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Saverio Mercadante

Liszt thought him Italy’s best composer

by Stefan Zucker

Who wrote an opera set against a priestly background, with a triumphal scene and the chief character dying in a tomb? Here’s a hint:


Well, yes, Verdi. But what’s this? The original words aren’t “Ritorna vincitor” but “De’Galli vincitor.” An earlier version, surely. No! The opera in question is Mercadante’s La vestale, the clamorously successful world premiere of which Verdi witnessed in Genoa in 1841. A critic, Amintore Galli, declared that Mercadante merely “served as Verdi’s footstool.” But as recent revivals have shown, his best works are genuinely compelling.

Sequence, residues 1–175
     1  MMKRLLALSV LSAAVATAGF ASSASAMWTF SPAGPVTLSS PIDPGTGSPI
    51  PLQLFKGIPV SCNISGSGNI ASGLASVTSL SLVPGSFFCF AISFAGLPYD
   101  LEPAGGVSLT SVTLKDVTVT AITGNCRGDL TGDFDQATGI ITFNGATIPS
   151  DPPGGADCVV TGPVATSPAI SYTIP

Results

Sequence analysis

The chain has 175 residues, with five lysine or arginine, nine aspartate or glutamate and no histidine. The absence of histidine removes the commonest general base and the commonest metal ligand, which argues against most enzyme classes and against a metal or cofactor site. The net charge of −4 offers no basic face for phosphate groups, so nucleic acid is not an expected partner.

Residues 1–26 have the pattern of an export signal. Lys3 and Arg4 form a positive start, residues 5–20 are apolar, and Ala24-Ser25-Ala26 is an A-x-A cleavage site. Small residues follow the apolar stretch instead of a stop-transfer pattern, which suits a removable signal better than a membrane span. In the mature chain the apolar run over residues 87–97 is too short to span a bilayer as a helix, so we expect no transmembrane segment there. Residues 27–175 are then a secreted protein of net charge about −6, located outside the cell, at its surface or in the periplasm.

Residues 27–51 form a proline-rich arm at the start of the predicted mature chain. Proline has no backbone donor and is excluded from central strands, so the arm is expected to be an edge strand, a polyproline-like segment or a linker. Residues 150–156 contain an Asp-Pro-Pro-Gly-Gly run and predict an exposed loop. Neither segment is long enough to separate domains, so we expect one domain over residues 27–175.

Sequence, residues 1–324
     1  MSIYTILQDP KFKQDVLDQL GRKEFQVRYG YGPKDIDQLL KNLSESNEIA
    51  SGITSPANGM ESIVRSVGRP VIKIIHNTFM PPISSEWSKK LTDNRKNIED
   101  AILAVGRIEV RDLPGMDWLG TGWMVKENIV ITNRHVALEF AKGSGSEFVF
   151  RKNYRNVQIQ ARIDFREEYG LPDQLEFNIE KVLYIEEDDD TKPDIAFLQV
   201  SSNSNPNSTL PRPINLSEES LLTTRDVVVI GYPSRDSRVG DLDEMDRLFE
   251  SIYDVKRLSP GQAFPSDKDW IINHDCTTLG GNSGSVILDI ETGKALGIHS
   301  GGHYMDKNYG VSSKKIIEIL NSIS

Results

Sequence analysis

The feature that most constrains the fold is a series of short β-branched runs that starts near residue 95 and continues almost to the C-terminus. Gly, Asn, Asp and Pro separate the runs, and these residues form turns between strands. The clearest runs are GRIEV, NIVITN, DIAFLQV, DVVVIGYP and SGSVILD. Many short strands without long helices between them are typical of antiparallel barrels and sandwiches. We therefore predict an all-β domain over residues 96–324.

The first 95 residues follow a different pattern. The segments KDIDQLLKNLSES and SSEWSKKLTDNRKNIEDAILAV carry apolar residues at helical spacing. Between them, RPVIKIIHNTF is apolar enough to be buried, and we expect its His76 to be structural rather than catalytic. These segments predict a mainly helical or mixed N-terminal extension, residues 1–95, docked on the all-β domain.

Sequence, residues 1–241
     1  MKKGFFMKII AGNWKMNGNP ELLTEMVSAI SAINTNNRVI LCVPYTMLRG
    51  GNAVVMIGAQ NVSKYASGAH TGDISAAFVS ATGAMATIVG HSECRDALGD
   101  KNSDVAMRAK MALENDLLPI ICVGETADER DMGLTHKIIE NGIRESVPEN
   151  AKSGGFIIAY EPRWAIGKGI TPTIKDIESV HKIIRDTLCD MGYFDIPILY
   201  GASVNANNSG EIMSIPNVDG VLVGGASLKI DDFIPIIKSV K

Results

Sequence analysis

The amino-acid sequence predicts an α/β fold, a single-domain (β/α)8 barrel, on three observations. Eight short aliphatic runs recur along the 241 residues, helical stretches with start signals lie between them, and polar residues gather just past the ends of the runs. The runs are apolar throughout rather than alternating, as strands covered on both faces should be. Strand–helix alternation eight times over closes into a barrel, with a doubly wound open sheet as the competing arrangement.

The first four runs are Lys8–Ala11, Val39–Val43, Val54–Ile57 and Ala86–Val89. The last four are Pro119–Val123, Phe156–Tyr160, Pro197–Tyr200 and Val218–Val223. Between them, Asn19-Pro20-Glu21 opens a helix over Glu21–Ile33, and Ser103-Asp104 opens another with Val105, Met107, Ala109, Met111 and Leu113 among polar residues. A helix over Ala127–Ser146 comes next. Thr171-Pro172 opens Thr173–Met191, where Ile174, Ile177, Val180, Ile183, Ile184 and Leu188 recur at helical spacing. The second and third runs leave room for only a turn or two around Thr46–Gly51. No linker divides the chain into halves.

Giuseppe Saverio Raffaele Mercadante was born a bastard in Altamura, near Bari. The exact date is unknown; however, he was baptized September 17, 1795. He moved to Naples with his family at about age 11. In 1808, seeking free tuition at the city’s San Sebastiano conservatory but being too old and not a local citizen, he claimed his first name was Francesco and that he was born a Neapolitan in 1797–which he upheld for much of his life.